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Boatwomen's training scheme facts for kids

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The boatwomen's training scheme was an initiative in the United Kingdom during the Second world war to attract women to work on Britain's canal network. Initiated by the Grand Union Canal Carrying Company (GUCCC) in 1942 the scheme was taken over by the Ministry of War Transport in 1944. The scheme closed after the end of hostilities in 1945. Nicknamed the Idle Women due to the Inland Waterways badge they wore in lieu of a uniform, it is estimated that approximately 100 women joined the scheme but only about 45 completed the training and only six are recorded as having participated throughout the length of the scheme.


Women Run a Boat- Life on Board the Canal Barge 'Heather Bell', 1942 D7653
Daphne March on board her boat Heather Bell in 1942

In the early part of the Second world war Britain's canals suffered from a labour shortage, caused mostly by military service (although until 1942 being a waterways boatmen was a reserved occupation) and the higher wages available in other employment. A recruiting drive in 1941 did attract some men to the waterways but the GUCCC noted that they also received 47 applications from women, offers they refused stating that unless the women were members of boating families already employed on the canal, their services could not be utilised.

Late in 1941 the Ministry of War Transport wrote to boaters Daphne March and Frances Traill who had been using March's own boat, Heather Bell, to transport cargo since 1940 to see if the pair would work with the GUCCC to train women to work the boats. March and Traill agreed and bought in Eily "Kit" Gayford to help. The GUCCC was one of two companies the ministry had approached and while the GUCCC has responded positively the other company, the Severn and Canal Carrying Company declined the opportunity stating that "to work canal boats by female labour entirely [was] not a practical proposition."


Adverts were place in national newspapers in early 1942 and the first trainees started work in May 1942. Mostly middle class applicants, training consisted of two trainees working alongside Marsh, Traill or Gayford in charge of two canal boats, a powered or 'motor' narrowboat and an unpowered 'butty boat' which was towed by the motor boat. Two trips were made normally between London and Birmingham or Oxford carrying grain, coal or metal ingots. The first trip was for the trainees to see if they could adapt to the hard conditions and way of life and if they stuck with it, the second trip gave a more thorough grounding in the work before the women were assigned to their own boats. The training took about six weeks before the women were considered competent enough to work their own boats.

The training included how to work the boats, operating locks, loading and unloading cargo, and the geography of the canals.

Pay and conditions

During their training each woman was paid £2 per week rising to a minimum of £3 per week once qualified. The actual amount depended on the earnings of the boat based on tonnage carried split between the three women crew members. No uniform was provided, the GUCCC provided a list of items needed but the women had to provide this themselves. The only indication of their status was a National Service badge with IW for Inland Waterways on it. It was this IW badge that led to the women being called Idle Women by boatmen but the nickname stuck and the women proudly adopted it.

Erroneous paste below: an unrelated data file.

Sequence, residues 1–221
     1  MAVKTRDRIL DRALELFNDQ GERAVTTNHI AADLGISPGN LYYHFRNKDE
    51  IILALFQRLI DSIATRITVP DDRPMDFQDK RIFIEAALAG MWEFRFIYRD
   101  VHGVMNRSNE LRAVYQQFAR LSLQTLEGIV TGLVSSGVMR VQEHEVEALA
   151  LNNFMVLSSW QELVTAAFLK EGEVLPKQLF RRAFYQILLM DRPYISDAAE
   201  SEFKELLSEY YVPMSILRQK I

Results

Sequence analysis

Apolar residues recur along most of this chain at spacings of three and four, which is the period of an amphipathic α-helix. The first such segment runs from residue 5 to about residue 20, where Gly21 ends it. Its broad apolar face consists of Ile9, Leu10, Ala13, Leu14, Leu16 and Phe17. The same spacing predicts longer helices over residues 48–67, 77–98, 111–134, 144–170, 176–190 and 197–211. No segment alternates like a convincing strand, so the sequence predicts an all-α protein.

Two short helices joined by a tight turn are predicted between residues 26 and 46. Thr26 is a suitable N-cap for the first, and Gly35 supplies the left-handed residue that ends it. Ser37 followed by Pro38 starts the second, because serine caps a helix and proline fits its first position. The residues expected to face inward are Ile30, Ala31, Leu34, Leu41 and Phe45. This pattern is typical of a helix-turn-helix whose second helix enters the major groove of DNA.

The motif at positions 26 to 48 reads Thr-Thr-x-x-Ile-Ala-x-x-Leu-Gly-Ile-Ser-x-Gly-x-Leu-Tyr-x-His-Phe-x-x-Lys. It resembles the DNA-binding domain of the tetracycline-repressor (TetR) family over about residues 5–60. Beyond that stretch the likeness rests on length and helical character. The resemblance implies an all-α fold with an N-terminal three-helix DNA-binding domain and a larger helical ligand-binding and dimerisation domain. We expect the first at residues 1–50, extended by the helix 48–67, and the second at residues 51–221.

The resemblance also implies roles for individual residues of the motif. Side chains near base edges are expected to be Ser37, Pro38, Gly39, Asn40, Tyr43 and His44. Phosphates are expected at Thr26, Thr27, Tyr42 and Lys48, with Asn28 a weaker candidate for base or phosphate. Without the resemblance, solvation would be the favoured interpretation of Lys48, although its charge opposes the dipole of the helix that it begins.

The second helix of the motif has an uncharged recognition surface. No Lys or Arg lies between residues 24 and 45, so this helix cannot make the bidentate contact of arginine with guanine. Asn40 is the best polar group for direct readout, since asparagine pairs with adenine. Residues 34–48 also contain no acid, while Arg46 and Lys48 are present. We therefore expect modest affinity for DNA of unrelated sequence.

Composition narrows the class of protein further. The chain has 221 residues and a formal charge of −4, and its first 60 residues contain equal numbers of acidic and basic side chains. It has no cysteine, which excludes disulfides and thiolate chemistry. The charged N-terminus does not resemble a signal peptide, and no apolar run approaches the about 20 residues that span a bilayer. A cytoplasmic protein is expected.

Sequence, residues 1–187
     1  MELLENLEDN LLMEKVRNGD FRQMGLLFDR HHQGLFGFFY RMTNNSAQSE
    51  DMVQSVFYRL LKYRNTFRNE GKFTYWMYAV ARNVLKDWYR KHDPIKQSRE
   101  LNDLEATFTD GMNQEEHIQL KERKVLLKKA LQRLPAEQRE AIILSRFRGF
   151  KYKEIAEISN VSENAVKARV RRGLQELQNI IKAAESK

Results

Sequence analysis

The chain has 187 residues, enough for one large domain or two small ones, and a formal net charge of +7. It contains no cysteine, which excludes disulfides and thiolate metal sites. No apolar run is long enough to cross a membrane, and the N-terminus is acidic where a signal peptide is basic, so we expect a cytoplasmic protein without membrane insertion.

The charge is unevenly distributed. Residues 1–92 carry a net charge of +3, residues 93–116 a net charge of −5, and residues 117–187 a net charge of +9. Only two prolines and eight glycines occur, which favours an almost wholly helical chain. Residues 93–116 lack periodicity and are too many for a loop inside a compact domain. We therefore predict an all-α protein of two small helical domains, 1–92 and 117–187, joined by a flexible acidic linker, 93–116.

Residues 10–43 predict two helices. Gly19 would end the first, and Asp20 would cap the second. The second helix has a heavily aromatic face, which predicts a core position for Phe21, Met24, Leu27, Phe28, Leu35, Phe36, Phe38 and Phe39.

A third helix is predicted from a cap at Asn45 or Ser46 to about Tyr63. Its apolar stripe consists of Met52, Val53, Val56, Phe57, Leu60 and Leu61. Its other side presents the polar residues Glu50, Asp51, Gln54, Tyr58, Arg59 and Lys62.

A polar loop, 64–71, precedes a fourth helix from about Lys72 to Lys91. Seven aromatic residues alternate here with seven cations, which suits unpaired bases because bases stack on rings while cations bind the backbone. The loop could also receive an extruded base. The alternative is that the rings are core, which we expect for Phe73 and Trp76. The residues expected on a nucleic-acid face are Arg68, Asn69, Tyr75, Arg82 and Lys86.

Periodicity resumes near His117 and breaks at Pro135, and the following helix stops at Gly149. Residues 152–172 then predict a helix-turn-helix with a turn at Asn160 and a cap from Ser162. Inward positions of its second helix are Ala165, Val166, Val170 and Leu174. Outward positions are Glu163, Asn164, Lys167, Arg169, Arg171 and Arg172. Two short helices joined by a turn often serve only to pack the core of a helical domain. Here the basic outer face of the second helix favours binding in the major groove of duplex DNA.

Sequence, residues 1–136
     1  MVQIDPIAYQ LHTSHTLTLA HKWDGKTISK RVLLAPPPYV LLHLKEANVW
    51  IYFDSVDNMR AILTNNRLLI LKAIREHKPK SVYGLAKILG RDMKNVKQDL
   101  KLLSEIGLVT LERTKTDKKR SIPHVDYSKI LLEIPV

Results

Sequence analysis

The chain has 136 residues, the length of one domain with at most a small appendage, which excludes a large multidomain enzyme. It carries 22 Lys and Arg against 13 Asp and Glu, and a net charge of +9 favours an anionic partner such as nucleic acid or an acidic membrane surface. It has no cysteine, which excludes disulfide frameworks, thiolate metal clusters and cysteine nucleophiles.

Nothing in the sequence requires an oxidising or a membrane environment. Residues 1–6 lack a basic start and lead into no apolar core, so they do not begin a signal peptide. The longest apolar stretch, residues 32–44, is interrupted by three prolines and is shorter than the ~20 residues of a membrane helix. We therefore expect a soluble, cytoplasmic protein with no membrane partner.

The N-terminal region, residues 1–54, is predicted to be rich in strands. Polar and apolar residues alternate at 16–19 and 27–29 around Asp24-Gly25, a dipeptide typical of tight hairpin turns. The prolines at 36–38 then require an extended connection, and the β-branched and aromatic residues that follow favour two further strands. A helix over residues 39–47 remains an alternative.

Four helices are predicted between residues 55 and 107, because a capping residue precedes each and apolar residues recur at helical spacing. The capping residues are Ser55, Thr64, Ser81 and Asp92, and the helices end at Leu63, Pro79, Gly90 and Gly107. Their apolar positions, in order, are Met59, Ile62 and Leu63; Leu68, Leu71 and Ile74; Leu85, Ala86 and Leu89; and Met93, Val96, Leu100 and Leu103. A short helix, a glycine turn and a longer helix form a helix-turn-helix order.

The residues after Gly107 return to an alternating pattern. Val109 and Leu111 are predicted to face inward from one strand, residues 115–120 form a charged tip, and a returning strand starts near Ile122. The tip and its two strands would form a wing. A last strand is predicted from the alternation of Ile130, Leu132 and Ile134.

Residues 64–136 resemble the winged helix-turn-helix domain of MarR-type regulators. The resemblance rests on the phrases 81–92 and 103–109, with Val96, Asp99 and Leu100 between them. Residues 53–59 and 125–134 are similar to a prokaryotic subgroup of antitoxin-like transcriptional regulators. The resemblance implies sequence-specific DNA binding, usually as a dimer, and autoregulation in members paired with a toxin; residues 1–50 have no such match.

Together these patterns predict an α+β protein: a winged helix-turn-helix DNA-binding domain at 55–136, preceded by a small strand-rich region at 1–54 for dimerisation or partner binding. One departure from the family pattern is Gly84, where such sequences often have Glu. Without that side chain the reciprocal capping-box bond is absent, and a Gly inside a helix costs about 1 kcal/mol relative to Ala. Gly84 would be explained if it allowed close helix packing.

Once qualified unpaid leave of 3 to 6 days was allowed after every second trip. No additional rations were provided, in contrast to other national service organisations such at the Women's Land Army but arrangements were made for the women to be able to use their ration books at any shop rather than being tied to shops in a particular location.

Working seven days a week and often for 18–20 hours a day the work was considered hard and arduous by most of the women.

Ministry of War Transport administration

The Ministry of War Transport (MWT) took over administration of the scheme in 1944. Part of the MWT was the expansion of the scheme to other canals. One crew of three were employed for a short while on the Gloucester and Sharpness Canal using a horse-drawn boat. The MWT also managed to get Canal Transport Limited, a major carrier on the Leeds and Liverpool Canal to utilise women crews but only eight women had been trained, with a further four in training, before the end of the war in Europe made the scheme of limited value and duration.

End of the scheme

Work on the Grand Union canal continued until after VJ day but shortly after the women found that there was no further work for them and they were unemployed and free to go. It is estimated that at its peak 45 women were working on the Grand Union canal crewing between 15–30 boats.


A plaque to the women was unveiled at the Canal Museum at Stoke Bruerne in Northamptonshire in 2008. There have been three stage productions based on the experiences of the women; Mikron Theatre presented Imogen's War in 1992 and Alarum Theatre produced Isobel's War and Idle Women and Judies in 2016. Several trainees wrote books about their time as trainees.

Notable trainees

  • Olga Kevelos
  • Sonia Rolt


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